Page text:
Based on my diagnosis, here is what I actually did this week for ‘training.’
Monday: I had a 1-on-1 session scheduled for Monday evening at Discover Strength with one of my favorite trainers, David. I could have cancelled, but I figured I could still do strength training with some modifications, and I was right; I told David about my injury and he made a few small changes to the workout, eliminating any lower body work where I’d be pressing with my legs. I did got a killer workout in and felt awesome afterwards!
Tuesday: With the MRI and doctor’s appointments in the morning, I was pretty busy catching up at work, so I took this as a total rest day.
Wednesday: I swam about a mile in the morning at the downtown YMCA.
I swam a ton during my recovery from my broken leg, even going as far as hiring a swimming coach to get better at it! Once I get in the pool, I love it.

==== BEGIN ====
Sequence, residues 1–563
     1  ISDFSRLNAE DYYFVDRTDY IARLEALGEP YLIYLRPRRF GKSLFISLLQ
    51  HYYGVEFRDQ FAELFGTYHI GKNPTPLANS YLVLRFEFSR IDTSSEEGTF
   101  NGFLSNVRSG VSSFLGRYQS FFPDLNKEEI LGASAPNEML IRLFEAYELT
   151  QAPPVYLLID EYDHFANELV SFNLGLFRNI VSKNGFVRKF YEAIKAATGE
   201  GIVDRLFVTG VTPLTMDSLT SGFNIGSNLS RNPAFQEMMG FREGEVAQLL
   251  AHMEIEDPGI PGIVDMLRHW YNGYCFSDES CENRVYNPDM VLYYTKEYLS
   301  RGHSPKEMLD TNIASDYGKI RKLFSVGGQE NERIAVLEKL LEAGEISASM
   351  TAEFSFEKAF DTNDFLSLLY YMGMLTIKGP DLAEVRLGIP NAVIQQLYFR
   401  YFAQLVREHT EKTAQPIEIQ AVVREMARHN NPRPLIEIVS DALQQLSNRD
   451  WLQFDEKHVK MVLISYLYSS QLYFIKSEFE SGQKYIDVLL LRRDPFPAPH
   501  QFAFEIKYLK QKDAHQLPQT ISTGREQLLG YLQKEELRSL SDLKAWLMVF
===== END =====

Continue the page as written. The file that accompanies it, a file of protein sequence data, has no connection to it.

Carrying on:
(Side note, I was glad my waterproof shuffle still works and it was fun to see what was on it! Lots of Hamilton soundtrack, ha!)
I don’t think my goggles are that tight, but they really leave quite the marks on my eyes! Anyone else have this problem? I swam before work and tried to hide the marks with makeup, but didn’t have a lot of luck!
Thursday: Another swim, this time after work at the YMCA, plus Discover Strength session over my lunch.
Friday: An hour on the elliptical at the YMCA and some strength exercises for my shins. The elliptical is more impact than swimming, but since my leg was feeling so much better, I figured the step in that direction was okay.